Join our mailing list

Hartford Institute for Religion Research

Hartford Institute is a religion research center of Hartford Seminary. For three decades, the Institute has explored denominational growth and congregational vitality. The site is a resource for clergy, laity and students striving to understand religion in America.

Since 1985, Hartford Seminary's Hartford Institute for Religion Research has had a record of rigorous, policy-relevant research, anticipation of emerging issues and commitment to the creative dissemination of learning. This record has earned the Institute an international reputation as an important bridge between the scholarly community and the practice of faith.

The Dimensions of the Institute's Work

Research is at the heart of what we do - gathering reliable information about what is happening in religious life today. Groundbreaking studies on the movement of women into the role of clergy and timely assessment of trends in church membership are two of the many ways in which we seek to measure how people of faith are forming and re-forming their institutions. Changes in theological seminaries and in national denominational structures have received the Hartford Institute's careful attention, as have the dynamics and community contributions of congregations. Institute personnel and projects have pioneered methods for the study of congregations, including a national multi-faith survey that is gathering unprecedented, comprehensive data on the nation's congregations.

Communication of the findings of projects receives as much creative attention as does the gathering of the data. Hartford Institute projects have resulted in an impressive list of books in recent years, and an equally impressive list of news outlets where Institute findings and staff are quoted. From the New York Times to The Wall Street Journal to the ABC television network, when reporters need to understand religious life in the U.S., they are likely to call on faculty at the Institute. Today the World Wide Web provides creative new avenues for making research findings accessible to a broad public of religious leaders and concerned citizens. Thousands visit the Institute's website each month. This site, established in 1997, includes up-to-date survey findings, reports on national studies of religion and venues for interactive exchange of knowledge.

The Education work of the Hartford Institute happens in classrooms and workshops and retreats, both at Hartford Seminary and around the world. Institute faculty form the core of Hartford Seminary's Doctor of Ministry program, and regularly serve as a partner with seminaries, universities, and other agencies in sharing research-based education. Institute faculty have contributed to a national program of leadership education for pastors and denominational and religious agency personnel, as well as regularly addressing a broad spectrum of academic audiences. The Biennial Congregational Studies Institute is perhaps our best known educational effort, renowned for its mobilizing impact on those who participate.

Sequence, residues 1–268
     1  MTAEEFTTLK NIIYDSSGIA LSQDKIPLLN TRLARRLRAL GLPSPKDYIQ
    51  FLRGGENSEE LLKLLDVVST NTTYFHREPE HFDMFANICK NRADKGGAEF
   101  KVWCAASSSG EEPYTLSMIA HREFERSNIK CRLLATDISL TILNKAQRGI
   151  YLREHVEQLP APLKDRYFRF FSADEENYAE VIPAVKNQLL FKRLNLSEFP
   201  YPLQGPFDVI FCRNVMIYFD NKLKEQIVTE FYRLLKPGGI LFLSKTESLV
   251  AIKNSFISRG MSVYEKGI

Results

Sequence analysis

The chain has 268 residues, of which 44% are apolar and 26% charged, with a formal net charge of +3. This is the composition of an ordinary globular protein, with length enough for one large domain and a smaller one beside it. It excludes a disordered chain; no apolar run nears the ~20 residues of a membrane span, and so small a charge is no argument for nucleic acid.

Research informs our work when Hartford Institute faculty provide consultation to congregations, seminaries, denominations and area councils of churches and synagogues, for groups that range from Methodist to Mormon, from Mennonite to Muslim to Missouri Synod Lutheran. Each consultation program is shaped to address concerns of particular constituent groups, from the storefront to the megachurch, from practical questions of budget and management to elusive challenges of congregational spiritual identity and individual faith commitments. For many groups, this assistance has included commissioned research by the Institute.

Consultation with local congregations also includes the Hartford Institute's church assessment inventories (Parish Profile, Pastoral Search & Church Planning Inventories). Hundreds of churches have used these inventories since the 1980's.

Its website has three primary purposes:

  1. To present summaries of current religion research by Hartford Institute for Religion Research faculty as well as the research done by other sociologists of religion.
  2. By making this research available online, we hope to educate pastors, denominational leaders, religion reporters and the general public in a better understanding of research on religion in order to help create stronger communities of faith and a more informed society.
  3. Finally, we hope to assist the site's users in understanding the use of statistics and poll data, designing church websites, on searching the web for information, and the implications of the Internet on religious life.